Here's some other things...if people are really low income, they can qualify for assistance, but you'd have to get certified. You might want to check into if that's possible. Also, if you're certified, you can get on the food program, and get paid for feeding even breastmilk, as well as paid for feeding your own kids. And if you're low income, then you get more, like $4 or so per kid per day. Doesn't seem like much, but adds up fast to help you out financially. And what are the rates in your area? If they wouldn't be able to get $125/week for an infant anywhere, then expecting you to do it is ridiculous. It should be a decent price for both parent and caregiver, taking everything (age, care provided, etc.) into consideration.
Also, is there anything they could barter with? Perhaps they could help you in some non-material way? It's important that they value what you're doing or you WILL be taken advantage of soon. People can't really help it, if they don't appreciate something they take it for granted.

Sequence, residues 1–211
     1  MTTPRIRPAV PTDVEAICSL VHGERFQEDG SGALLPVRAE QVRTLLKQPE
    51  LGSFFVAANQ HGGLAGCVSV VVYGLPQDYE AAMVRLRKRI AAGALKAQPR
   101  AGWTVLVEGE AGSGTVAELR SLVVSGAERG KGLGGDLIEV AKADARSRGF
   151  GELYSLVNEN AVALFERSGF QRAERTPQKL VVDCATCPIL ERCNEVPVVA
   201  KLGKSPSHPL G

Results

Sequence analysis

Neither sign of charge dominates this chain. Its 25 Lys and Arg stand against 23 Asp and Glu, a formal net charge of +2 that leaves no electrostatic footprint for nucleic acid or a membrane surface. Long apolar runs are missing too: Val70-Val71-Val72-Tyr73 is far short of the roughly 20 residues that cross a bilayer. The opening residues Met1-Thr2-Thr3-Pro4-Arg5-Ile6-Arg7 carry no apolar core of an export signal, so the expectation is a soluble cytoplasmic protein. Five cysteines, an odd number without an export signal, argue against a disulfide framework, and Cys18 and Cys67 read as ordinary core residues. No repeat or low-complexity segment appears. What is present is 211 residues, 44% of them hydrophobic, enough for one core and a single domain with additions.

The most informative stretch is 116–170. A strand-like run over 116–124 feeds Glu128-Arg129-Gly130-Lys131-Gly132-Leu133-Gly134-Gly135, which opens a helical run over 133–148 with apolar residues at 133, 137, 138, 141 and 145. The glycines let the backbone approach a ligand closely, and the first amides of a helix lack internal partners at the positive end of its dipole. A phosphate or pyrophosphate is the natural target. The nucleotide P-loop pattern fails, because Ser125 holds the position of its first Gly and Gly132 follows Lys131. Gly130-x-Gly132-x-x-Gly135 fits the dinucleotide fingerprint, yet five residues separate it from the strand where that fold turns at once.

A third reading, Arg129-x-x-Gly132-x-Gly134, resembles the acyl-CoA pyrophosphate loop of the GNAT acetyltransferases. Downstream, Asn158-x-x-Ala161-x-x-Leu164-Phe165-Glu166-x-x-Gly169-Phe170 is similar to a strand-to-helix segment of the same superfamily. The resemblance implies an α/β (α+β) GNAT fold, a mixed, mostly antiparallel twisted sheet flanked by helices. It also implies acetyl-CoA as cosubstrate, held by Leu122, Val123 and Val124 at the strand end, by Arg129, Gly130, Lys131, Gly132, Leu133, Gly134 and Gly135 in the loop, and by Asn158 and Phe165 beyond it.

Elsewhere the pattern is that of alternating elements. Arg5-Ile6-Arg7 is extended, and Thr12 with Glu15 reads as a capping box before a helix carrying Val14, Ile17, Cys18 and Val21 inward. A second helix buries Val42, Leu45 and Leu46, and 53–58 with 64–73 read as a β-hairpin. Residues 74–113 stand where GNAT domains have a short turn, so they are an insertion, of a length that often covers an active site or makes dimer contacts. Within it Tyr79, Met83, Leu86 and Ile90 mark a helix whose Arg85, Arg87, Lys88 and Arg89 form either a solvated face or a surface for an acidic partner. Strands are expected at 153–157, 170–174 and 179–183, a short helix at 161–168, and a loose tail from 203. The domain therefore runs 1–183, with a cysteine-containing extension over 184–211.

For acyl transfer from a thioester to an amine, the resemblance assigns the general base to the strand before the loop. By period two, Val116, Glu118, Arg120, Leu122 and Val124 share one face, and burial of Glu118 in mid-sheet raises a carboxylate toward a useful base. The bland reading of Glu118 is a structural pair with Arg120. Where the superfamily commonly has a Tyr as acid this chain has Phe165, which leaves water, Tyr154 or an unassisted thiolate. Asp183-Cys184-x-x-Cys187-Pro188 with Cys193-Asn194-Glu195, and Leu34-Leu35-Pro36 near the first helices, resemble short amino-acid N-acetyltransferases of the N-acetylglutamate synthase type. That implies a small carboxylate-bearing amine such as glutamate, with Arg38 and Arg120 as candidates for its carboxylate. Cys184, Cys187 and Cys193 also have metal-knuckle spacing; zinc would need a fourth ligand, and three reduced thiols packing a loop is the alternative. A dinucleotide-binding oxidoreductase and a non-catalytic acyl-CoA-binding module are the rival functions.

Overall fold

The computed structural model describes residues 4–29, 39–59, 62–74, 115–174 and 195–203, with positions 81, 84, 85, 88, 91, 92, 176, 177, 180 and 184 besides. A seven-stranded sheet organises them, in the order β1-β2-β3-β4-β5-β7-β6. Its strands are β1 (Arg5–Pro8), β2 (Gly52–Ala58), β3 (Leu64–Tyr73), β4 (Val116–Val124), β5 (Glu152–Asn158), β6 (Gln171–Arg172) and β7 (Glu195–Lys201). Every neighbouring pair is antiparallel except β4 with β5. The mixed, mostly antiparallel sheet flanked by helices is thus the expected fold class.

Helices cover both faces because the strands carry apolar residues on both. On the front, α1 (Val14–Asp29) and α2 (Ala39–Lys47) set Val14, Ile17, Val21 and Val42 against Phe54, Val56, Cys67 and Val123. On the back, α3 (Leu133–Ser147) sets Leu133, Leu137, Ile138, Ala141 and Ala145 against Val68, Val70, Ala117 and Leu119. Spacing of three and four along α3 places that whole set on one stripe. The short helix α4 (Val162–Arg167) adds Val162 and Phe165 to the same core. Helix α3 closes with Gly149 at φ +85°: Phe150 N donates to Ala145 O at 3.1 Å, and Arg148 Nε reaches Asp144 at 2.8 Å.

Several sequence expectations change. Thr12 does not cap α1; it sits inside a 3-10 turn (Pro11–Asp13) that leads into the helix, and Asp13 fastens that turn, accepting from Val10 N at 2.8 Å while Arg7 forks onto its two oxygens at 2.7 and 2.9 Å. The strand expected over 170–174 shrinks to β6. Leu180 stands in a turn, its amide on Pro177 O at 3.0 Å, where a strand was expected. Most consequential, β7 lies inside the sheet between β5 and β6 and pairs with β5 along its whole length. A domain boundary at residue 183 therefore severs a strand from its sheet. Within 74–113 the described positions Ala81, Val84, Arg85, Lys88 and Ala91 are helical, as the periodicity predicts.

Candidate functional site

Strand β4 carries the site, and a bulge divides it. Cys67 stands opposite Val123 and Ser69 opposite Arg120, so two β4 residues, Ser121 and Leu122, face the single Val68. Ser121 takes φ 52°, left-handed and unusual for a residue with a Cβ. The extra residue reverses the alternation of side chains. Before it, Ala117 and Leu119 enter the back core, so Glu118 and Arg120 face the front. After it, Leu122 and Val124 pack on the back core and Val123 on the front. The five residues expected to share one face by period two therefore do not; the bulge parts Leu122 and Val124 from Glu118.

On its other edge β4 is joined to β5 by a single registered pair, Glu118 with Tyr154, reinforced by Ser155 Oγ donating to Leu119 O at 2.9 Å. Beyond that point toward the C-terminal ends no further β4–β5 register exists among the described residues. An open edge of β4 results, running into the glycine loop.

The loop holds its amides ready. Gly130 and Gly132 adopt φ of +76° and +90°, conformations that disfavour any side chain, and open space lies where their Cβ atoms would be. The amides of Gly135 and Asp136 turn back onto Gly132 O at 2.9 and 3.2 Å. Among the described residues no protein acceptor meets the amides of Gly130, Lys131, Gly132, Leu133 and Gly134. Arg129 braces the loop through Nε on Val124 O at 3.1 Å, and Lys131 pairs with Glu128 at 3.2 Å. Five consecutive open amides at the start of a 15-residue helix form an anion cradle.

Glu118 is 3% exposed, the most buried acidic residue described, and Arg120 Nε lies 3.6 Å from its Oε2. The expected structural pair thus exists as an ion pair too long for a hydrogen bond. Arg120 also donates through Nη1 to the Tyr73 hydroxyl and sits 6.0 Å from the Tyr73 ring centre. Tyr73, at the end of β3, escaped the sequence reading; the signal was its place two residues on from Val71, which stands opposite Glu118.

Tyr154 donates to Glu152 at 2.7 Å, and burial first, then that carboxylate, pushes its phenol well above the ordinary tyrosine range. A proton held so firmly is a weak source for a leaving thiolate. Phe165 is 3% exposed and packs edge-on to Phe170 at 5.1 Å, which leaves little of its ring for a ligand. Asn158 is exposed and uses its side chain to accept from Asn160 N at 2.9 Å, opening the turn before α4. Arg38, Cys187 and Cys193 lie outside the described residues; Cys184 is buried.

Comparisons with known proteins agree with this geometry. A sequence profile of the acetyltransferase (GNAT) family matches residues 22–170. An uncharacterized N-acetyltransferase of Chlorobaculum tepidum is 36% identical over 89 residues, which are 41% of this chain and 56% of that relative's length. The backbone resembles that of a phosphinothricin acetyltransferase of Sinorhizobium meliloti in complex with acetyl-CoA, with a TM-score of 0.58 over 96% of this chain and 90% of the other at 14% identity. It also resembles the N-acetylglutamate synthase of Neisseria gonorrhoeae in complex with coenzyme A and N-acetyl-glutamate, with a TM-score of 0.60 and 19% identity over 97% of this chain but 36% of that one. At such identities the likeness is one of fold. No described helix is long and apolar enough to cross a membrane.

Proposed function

I do think, though, that you want someone with similar parenting philosophies. Part of that, though, is someone who values their child. And there are so many who make it work, either working part time, bringing their child to work, working different shifts, etc., that unless it's a single mama I sometimes don't trust people who say they'd love to stay with their kids but don't work it out somehow. Just had some bad experiences with that when I was doing in home childcare, and it starts to show on the kids...kids reflect the love they get, and if the child isn't truly being valued, then they won't be as happy. Your heart will be totally involved, though, and soon you'd do anything for this child...but at the sacrifice of yourself and your own children.